How many rolls does a proficient rough water paddler need to know?

Since the climate change topic is so depressing, thought I’d ask about something fun: rolling! So, for a skilled rough water paddler, how many different rolls would s/he likely be able to execute to be well prepared? Or, if you have a really good standard roll on both sides can you usually rely on that? Thanks!

Used to practice a bunch of rolls and handrolling. In real life thrashing in white water and surf, I found that a dependable bilateral layback sweep or hybrid sweep to c-c roll will get you out of trouble. I have had paddle stripped when surfing and handrolled up… Only to be capsized back over and then swimming. Without a paddle in rough water, you are pretty much done with staying upright. In a seakayak, make sure you carry a spare.

These days, I just make sure I get a couple of rolls in before heading out to play in rough water. I don’t spend anywhere the time I used to do practicing rolls. The fun for me is to play in rough water and not practicing rolls.



Agree with Sing. You only need one roll, and it better be rock solid! Making it bilateral is ideal, but I’ve seen good rough water paddlers who never opt for their “off” side.

That being said, rolling is fun and I practice a few Euro and lots of GP rolls/sculls regularly in quiet or near quiet waters - and if I do/try a roll/scull on one side, it is always attempted that day on the opposite side. I like having the option and confidence to roll/scull on either side when you really need to get back to a high oxygen environment.

However in the wave crashing/sea foam areas, again like Sing, I default to a layback sweep that sometimes morphs into a sweep-C2C hybrid depending on conditions and kayak orientation.

Being proficient at a deep water scull is a useful skill and often overlooked. I will occasionally scull up for a breath before setting up to roll.


Thanks. I’m hoping to learn to paddle in rough water at some point on my journey. Learning to roll is fun and it’s starting to have the feeling for me of opening up new possibilities. Good to know a solid standard roll is sufficient, though I bet the fact that you both know a bunch of other rolls helps a lot in confidence level and instinctive reaction.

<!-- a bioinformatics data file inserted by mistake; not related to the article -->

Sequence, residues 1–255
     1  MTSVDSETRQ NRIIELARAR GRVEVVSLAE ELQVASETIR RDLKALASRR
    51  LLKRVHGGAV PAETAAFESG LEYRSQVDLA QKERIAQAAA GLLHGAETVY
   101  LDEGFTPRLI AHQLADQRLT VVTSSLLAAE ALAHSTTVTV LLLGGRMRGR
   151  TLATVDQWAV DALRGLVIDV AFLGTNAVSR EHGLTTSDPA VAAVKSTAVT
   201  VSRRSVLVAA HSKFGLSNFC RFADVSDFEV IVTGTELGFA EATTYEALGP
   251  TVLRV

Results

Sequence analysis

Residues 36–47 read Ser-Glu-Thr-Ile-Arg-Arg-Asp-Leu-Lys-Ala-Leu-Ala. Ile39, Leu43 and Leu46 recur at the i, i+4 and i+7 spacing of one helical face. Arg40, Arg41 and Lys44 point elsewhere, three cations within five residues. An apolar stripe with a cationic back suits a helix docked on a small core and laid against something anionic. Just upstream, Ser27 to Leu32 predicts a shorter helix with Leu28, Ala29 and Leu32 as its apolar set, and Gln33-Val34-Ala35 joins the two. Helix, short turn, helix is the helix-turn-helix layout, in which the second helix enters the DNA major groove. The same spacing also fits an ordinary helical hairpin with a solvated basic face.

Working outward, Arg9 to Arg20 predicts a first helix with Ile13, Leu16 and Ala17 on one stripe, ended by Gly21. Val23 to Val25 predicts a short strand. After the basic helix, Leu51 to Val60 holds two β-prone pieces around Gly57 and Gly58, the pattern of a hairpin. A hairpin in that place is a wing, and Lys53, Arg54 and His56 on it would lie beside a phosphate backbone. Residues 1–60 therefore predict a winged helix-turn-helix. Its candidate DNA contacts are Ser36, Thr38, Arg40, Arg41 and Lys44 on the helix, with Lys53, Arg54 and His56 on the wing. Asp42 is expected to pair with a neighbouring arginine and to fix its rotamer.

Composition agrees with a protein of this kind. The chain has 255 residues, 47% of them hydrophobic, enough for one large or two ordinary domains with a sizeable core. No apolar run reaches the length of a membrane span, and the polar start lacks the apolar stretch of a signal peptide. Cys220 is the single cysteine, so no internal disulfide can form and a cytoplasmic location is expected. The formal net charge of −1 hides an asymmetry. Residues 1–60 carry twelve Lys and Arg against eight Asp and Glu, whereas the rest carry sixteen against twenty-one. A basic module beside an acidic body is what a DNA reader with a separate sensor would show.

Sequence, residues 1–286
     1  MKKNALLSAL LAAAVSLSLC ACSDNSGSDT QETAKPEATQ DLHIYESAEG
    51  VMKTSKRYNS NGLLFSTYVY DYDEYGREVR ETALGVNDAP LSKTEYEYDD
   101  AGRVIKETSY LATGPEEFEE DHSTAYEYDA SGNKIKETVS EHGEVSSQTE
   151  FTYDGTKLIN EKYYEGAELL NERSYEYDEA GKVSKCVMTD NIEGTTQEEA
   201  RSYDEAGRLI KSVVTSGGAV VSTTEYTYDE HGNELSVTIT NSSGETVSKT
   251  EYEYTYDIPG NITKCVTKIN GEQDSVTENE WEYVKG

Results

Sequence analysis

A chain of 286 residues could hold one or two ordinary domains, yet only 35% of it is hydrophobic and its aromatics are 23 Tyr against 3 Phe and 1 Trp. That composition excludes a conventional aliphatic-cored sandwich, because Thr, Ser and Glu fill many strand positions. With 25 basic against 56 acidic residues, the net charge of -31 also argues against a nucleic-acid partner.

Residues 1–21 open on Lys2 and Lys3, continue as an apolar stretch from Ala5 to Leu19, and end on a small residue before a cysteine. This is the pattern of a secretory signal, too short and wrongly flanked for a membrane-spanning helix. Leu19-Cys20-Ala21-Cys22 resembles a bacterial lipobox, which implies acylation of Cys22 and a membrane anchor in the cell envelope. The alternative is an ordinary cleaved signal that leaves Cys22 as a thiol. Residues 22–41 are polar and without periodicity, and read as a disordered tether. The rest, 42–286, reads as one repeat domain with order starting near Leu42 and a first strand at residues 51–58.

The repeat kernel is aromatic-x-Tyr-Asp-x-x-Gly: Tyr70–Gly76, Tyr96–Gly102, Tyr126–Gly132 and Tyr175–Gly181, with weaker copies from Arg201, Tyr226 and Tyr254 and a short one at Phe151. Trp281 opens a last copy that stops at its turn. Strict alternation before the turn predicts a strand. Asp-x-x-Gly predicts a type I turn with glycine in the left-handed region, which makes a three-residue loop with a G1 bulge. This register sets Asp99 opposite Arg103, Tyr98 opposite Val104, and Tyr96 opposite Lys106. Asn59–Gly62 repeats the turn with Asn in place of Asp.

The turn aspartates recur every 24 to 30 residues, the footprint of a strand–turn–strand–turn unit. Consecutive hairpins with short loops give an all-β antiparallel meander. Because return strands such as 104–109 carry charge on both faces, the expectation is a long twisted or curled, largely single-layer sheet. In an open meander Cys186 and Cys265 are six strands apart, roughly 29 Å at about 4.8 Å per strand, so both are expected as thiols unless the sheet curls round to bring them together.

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Agree with Sing and Hank. Keep an assembled spare GP on the foredeck. And you are correct, learning and practicing! a variety of rolls will give you confidence and an instinctive but relaxed reaction.
Will recommend learning the Storm Roll in addition to the SGR, especially for rough water. Easier than a C2C, and can be used to roll under a breaking wave.


You and Hank are right in this regard. I forgot that comfort and fun in rough water came only after hours of practice with rolling, sculling and bracing and then testing these in conditions.

It doesn’t hurt and can be fun to practice. It’s just that I reverted to my innate adrenaline junkie nature.



Ha, I am not exactly an adrenaline junky so I’m actually surprised at how much I’m loving learning to roll. I have a greater connection to my fear (i.e. I’m a fraidy cat) so I think gaining comfort will be an essential component for me in overcoming my innate lack of desire to drown. :joy:

First off, let me qualify my response.

I hate rolling, it is an unnatural and evil thing to me.

I do know how to do it and have had to a couple of times.

You will learn to roll in a pool or flatwater spot. That has absolutely nothing to do with the real world. To be proficient means you have to be able to do it in big water. That never happens on the first try, so have some rescue around.

You will find, like Hank and Sing, that the real world narrows your responses.

Good point, Craig. Haven’t even been in super-rough water yet but for the first time now I feel like it’s a possibility.

Practice a bunch. You will end up using one in a real event. Your body will find the one it wants.

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Thanks, Celia, I hope so! I am really enjoying the practice so either way it’s a win.